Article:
Shanghai Transportation

Shanghai has an extensive public transport system, largely based on buses, trolleybuses, taxis, and a rapidly expanding metro system. All of these public transport tools can be accessed using the Shanghai Public Transportation Card, which uses radio frequencies so the card does not have to physically touch the scanner.

The Shanghai Metro rapid-transit system and elevated light rail has eleven lines at present and extends to every core urban district as well as neighbouring suburban districts such as Songjiang, Minhang and Jiading. It is one of the fastest-growing metro systems in the world-the first line opened in 1995,and as of 2010, the Shanghai Metro is the 9th busiest system worldwide and the largest in the world by length (420 km). Shanghai also has the world's most extensive bus system with nearly one thousand bus lines, operated by numerous transportation companies. Not all of Shanghai's bus routes are numbered-some have names exclusively in Chinese.Bus fares, though having fixed, non-distance-reliant rates, depend on the bus, while Metro fares depend on distance travelled.

Taxis in Shanghai are plentiful and government regulation has set taxi fares at an affordable rate for the average resident-12 RMB for 3 km, 16 RMB after 23:00, and 2.4RMB/km thereafter. Before the 1990s, bicycling was the most ubiquitous form of transport in Shanghai, but the city has since banned bicycles on many of the city's main roads to ease congestion. However, many streets have bicycle lanes and intersections are monitored by "Traffic Assistants" who help provide for safe crossing. Further, the city government has pledged to add 180 km of cycling lanes over the next few years. It is worth noting that a number of the main shopping and tourist streets, Nanjing Road and Huaihai Road do not allow bicycles.

With rising disposable incomes, private car ownership in Shanghai has also been rapidly increasing in recent years. The number of cars is limited, however, by the number of available number plates available at public auction. Since 1998 the number of new car registrations is limited to 50,000 vehicles a year.

The Maglev, with a top speed of 431 km/h (268 mph).In cooperation with the Shanghai municipality and the Shanghai Maglev Transportation Development Co. (SMT), German Transrapid constructed the first commercial high speed Maglev railway in the world in 2002, from Shanghai's Longyang Road subway station in Pudong to Pudong International Airport. Commercial operation started in 2003.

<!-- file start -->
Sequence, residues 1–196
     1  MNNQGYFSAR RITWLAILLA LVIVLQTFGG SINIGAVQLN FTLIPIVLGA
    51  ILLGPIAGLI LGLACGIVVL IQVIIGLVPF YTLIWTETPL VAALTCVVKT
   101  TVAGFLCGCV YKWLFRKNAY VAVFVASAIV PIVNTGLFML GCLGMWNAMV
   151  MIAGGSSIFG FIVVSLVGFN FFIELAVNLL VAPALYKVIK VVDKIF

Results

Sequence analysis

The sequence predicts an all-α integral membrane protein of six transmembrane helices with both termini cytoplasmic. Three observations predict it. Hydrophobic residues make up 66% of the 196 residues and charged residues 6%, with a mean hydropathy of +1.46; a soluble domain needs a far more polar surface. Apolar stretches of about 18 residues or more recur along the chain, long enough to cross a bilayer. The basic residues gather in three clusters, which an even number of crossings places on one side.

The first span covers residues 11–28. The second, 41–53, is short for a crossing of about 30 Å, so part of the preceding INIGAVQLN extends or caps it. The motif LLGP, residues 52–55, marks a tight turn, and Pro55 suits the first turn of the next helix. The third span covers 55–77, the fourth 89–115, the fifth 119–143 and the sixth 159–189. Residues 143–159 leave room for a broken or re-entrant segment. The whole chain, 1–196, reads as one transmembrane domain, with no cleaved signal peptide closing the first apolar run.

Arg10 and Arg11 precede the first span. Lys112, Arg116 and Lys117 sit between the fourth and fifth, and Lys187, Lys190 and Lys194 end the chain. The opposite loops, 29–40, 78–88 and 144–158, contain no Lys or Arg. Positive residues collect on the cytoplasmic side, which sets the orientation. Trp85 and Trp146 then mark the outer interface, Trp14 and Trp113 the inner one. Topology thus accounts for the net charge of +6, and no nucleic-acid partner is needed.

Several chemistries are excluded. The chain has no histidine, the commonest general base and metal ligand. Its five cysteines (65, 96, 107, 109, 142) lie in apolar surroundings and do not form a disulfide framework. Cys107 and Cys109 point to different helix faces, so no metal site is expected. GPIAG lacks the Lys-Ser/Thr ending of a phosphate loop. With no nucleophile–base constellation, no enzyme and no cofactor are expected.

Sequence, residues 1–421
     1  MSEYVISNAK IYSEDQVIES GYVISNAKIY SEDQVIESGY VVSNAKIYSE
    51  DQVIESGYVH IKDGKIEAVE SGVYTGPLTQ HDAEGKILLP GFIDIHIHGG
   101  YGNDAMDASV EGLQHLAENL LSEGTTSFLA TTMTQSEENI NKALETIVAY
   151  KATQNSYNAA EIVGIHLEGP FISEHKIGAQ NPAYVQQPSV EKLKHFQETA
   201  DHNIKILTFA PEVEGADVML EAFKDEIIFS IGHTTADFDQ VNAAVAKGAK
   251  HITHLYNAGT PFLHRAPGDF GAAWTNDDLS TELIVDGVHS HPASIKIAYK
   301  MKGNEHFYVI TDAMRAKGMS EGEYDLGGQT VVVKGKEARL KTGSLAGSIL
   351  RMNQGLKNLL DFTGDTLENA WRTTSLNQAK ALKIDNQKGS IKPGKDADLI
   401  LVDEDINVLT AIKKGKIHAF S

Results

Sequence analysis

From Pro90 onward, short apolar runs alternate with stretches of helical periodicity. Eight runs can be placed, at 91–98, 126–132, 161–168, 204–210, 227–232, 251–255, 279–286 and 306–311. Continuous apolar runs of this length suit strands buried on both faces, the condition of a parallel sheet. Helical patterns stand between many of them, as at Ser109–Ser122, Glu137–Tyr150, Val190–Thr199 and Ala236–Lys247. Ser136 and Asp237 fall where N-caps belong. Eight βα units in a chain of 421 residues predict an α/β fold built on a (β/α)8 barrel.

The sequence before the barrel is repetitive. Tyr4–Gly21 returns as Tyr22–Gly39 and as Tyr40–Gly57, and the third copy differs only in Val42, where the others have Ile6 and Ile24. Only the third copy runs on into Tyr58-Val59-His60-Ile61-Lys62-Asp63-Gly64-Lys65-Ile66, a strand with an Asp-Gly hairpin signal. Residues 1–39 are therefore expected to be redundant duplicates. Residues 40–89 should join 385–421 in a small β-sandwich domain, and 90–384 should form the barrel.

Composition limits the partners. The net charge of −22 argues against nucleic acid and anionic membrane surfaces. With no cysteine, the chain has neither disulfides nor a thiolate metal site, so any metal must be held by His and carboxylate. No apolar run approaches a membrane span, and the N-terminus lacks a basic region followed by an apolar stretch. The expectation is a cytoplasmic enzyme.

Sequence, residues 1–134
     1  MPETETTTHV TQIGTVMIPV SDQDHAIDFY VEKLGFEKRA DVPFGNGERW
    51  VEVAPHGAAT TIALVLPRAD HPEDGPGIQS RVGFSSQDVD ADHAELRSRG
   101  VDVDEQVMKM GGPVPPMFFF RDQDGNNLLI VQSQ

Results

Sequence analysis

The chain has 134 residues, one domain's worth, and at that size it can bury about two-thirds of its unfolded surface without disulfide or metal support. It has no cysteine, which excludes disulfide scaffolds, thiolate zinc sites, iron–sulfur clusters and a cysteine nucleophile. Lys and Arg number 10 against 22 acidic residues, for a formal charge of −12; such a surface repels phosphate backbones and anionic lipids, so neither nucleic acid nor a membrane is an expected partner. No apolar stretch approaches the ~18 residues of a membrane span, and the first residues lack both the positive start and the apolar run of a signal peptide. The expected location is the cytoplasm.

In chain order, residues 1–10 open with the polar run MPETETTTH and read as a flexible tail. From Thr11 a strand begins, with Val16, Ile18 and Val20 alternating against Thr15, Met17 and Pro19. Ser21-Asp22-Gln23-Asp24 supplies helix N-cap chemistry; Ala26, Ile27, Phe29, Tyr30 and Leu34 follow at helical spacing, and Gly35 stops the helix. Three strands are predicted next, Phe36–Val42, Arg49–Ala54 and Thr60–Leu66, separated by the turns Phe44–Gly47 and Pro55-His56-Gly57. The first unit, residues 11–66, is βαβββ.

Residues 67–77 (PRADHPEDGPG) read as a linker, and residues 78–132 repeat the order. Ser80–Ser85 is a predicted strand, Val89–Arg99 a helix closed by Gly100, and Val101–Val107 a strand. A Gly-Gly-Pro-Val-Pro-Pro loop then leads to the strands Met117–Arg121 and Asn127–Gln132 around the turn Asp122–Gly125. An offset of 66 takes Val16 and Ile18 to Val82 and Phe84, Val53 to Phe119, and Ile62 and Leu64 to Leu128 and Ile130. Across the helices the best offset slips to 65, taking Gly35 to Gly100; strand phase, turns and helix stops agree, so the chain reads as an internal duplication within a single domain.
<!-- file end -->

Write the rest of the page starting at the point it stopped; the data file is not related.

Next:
Two railways intersect in Shanghai: Jinghu Railway passing through Nanjing, and Huhang Railway (Shanghai-Hangzhou). Shanghai is served by two main railway stations, Shanghai Railway Station and Shanghai South Railway Station. Express service to Beijing through D-series trains is more convenient. Under construction are the Beijing-Shanghai High-Speed Railway and another from Shanghai to Hangzhou.

More than six national expressways (prefixed with "G") from Beijing and from the region around Shanghai connect to the city. Shanghai itself has six toll-free elevated expressways (skyways) in the urban core and 18 municipal expressways (prefixed with "A"). There are ambitious plans to build expressways connecting Shanghai's Chongming Island with the urban core. For a city of Shanghai's size, road traffic is still fairly smooth and convenient but getting more congested as the number of cars increases rapidly.

Shanghai has two commercial airports: Hongqiao International and Pudong International, the latter of which has the third highest traffic in China, following Beijing Capital International Airport and Hong Kong International Airport. Pudong International handles more international traffic than Beijing Capital, however, with over 4 million more international passengers handled at PVG than PEK. Hongqiao mainly serves domestic routes, with a few city-to-city flights to Tokyo's Haneda Airport and Seoul's Gimpo Airport. It, unlike Pudong Airport, lies within the boundaries of the "shiqu", or city centre.